I am trying to eat more fish but I’m concerned about contaminants. Which are the best – and worst – types of fish to eat?


 As a dietitian in private practice, I encourage my clients to include fish in their diet twice a week unless, of course, they’re allergic or simply don’t like its taste.

The key, though, is choosing the right fish to eat – fish that’s packed with nutritional benefits and low in potentially harmful chemicals, and fish that are also farmed or fished in ways that don’t take a toll on the environment. That’s a lot to consider at the grocery store or restaurant.

 Long list of health benefits

A regular intake of fish has been linked to a lower risk of a wide range of conditions, including high blood pressure, stroke, heart disease, type 2 diabetes, macular degeneration, rheumatoid arthritis, colorectal cancer and Alzheimer’s disease.

Eating fish during pregnancy is also thought to help promote the development of a baby’s brain and eyes.

The protective effects of fish are largely attributed to omega-3 fatty acids, eicosapentaenoic acid (EPA) and docosahexaenoic acid (DHA). EPA and DHA make the blood less likely to clot, reduce elevated blood triglycerides (fats), protect the lining of brain cells and may also prevent the buildup of beta amyloid, a protein involved in Alzheimer’s disease.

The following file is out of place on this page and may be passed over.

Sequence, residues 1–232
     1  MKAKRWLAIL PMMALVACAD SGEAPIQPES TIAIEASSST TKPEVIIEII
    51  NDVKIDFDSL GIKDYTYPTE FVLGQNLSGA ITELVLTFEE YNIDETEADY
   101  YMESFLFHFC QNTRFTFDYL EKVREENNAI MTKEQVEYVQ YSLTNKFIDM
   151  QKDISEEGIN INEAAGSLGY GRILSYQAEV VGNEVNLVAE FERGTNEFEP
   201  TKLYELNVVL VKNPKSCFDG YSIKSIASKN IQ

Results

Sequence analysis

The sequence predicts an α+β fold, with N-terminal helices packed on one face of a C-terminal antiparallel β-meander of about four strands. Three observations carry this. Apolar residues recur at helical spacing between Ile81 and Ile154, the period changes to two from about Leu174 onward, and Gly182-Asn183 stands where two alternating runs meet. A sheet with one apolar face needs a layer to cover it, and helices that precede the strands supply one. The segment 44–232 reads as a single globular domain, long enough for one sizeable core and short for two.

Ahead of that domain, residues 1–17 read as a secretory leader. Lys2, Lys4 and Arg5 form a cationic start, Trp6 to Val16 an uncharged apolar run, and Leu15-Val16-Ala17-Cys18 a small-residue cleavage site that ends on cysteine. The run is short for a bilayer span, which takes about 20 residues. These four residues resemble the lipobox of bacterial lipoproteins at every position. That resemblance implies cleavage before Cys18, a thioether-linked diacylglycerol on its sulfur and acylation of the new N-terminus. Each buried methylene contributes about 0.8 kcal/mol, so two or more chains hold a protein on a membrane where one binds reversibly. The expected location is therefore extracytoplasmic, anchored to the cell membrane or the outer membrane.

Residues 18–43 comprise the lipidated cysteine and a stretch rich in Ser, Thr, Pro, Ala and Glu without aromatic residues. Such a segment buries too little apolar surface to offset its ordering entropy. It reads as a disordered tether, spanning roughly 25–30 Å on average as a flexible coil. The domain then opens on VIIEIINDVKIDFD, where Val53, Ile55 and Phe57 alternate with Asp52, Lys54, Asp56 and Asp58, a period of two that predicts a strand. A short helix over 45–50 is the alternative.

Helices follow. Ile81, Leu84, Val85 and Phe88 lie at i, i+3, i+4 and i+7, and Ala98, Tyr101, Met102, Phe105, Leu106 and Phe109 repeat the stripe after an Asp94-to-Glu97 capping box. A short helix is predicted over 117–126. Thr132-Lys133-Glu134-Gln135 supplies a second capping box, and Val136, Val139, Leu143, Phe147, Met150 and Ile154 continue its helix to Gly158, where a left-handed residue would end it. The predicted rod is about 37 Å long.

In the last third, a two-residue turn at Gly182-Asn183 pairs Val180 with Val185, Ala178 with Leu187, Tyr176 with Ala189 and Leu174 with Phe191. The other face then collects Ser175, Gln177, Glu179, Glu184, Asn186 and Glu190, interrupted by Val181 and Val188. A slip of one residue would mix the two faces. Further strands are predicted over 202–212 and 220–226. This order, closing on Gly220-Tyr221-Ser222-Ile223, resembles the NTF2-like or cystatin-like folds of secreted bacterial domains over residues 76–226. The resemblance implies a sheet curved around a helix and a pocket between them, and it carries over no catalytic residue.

Not all fish are packed with omega-3s, though. Fatty fish such as salmon, trout, anchovies, Arctic char, herring, mackerel and sardines are good sources. Canned tuna is an okay source, while tilapia, sole, cod, pollock (e.g. fish sticks), scallops and shrimp are low in omega-3 fatty acids.

Fish delivers other nutrients, too. B vitamins, vitamin D, selenium and certain proteins in seafood may also confer health benefits.

Concerns about toxins, mercury

Chemicals such as mercury, industrial toxins like PCBs (polychlorinated biphenyls) and pesticides that are released into the air and water and can end up in fish……

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Source: The Globe & Mail